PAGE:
As assets have decreased, liabilities have increased. Last month, assets for the typical plan fell 2.1 percent while liabilities increased 5.5 percent, the group states.
"August was one of the worst months of 2010 for corporate pension plans as they were hit by sharply rising liabilities as well as declining assets," BNY executive director Peter Austin said in prepared remarks, adding that "since March, pension funds have had little to cheer about, as the funded status for the typical corporate plan has fallen more than 14 percentage points."
The Mellon report shows that U.S. equities have dropped 4.7 percent while international stocks have declined 3.1 percent. Meanwhile, this loss can not be made up in the bond market. The report states the Aa corporate discount rate dropped from 5.29 percent at the end of July to 4.92 percent at the end of August — the lowest level in at least 30 years.
Austin states that volatility in the marketplace has forced some pension managers to look at fixed income vehicles, which would benefit little from any upticks in the market.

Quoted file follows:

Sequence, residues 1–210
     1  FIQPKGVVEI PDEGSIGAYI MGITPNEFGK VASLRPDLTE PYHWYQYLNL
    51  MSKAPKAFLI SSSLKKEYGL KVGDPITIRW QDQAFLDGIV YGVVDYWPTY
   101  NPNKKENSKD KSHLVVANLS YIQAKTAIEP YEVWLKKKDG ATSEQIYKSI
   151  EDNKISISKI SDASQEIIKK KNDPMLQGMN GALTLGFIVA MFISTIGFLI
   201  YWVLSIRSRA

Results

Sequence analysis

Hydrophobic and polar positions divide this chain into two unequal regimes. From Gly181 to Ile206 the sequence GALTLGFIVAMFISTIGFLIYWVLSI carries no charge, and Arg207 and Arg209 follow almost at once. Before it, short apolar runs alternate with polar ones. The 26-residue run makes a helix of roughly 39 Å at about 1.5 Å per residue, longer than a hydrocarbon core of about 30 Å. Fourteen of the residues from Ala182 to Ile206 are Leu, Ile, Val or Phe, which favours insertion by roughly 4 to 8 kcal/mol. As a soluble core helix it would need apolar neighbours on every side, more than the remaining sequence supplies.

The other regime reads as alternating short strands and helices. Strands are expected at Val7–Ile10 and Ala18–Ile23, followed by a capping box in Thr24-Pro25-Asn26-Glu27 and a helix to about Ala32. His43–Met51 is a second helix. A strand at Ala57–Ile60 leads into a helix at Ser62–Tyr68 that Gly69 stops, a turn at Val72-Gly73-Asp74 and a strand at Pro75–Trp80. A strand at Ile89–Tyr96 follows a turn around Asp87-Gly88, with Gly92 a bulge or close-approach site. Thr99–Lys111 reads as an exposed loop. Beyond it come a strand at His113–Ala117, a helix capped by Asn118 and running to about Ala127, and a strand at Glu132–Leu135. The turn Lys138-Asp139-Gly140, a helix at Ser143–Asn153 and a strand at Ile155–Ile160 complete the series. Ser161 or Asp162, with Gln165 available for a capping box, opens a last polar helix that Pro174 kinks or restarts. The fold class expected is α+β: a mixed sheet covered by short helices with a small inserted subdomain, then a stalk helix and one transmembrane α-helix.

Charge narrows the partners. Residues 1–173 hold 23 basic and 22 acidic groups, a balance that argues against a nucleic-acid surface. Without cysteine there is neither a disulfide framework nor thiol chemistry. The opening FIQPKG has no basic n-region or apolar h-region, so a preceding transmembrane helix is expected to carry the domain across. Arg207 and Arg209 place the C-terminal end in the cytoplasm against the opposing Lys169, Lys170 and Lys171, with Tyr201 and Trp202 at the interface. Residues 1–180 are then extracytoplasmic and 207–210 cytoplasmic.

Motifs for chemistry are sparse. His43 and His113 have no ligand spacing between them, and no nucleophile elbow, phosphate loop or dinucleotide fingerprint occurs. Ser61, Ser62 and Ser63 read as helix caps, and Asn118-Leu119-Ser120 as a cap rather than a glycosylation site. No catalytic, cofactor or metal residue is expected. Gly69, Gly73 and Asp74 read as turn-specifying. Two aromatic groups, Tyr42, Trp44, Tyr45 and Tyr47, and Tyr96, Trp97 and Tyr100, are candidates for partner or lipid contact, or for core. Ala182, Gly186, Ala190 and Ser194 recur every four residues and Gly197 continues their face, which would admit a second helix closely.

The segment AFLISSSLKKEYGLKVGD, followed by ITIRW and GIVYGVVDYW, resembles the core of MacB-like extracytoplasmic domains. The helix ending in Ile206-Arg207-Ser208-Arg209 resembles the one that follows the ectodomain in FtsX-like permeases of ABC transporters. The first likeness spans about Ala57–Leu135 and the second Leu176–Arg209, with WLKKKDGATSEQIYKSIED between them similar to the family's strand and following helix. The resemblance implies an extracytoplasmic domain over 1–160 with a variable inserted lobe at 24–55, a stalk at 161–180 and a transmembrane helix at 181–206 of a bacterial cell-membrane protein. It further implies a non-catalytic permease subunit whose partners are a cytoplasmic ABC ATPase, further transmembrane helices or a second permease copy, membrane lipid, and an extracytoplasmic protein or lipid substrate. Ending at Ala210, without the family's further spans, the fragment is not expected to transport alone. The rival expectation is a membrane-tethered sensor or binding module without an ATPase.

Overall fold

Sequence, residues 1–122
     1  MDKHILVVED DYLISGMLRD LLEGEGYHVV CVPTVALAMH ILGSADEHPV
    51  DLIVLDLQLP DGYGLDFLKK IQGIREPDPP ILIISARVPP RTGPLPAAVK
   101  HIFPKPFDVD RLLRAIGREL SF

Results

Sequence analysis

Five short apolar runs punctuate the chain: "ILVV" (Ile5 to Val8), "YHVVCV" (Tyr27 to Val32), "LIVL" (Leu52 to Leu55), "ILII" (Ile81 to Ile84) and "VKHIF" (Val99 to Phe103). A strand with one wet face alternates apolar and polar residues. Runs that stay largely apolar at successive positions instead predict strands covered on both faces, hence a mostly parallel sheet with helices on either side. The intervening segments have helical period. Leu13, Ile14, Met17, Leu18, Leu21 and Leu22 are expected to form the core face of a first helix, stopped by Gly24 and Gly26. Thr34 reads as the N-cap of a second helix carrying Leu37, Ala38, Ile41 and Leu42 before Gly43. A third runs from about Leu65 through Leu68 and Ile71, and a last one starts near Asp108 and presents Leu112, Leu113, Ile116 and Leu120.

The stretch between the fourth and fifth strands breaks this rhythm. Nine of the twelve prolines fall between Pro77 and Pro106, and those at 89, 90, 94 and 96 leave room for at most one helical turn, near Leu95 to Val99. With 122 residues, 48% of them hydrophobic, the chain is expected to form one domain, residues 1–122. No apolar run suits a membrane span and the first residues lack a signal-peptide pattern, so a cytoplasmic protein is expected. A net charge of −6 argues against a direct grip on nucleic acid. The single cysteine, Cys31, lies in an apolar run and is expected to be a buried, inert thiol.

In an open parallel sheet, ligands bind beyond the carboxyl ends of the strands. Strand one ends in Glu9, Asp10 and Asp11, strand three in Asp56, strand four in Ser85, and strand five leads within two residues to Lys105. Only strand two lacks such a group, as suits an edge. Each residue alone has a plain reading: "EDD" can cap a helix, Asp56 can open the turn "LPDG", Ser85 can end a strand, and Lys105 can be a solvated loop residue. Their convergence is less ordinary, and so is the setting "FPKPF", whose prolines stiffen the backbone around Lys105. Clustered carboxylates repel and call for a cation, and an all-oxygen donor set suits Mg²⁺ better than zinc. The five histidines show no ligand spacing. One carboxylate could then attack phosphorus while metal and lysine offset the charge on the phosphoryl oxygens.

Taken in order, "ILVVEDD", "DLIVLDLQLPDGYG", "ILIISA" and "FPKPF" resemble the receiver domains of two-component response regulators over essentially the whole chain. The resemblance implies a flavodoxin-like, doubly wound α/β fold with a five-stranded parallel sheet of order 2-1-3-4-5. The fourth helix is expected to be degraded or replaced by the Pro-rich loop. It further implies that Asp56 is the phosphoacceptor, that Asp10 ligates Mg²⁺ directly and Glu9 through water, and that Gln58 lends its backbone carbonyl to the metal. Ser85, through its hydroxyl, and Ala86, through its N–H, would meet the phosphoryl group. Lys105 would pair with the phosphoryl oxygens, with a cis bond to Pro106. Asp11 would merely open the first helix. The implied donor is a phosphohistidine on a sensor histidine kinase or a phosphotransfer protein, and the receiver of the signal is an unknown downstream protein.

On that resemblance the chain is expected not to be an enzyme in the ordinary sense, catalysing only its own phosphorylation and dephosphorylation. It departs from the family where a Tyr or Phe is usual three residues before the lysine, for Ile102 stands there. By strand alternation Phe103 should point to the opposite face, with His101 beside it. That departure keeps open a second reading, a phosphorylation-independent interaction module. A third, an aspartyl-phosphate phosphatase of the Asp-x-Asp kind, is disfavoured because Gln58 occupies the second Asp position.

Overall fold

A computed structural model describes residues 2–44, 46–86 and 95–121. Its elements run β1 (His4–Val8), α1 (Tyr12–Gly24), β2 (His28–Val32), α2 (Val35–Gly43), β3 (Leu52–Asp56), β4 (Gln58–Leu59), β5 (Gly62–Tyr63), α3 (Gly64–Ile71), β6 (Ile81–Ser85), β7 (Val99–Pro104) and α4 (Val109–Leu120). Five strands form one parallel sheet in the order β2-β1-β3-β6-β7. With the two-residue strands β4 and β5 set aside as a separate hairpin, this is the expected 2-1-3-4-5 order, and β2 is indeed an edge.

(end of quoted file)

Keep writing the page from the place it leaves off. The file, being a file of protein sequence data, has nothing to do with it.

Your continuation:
He states that "many plan sponsors are loath" to this approach, but "there is a clear trend toward" toward this strategy to avoid the volatility.
The Mellon report comes as Washington begins to take a deeper look at the state of all pensions.
Labor groups are expected to be invited to the U.S. Chamber of Commerce to discuss the alarming shortfall that many pensions face in meeting liabilities. A handful of financial experts say the shortfall in state pensions alone could force a government bailout that could run as high as $3 trillion.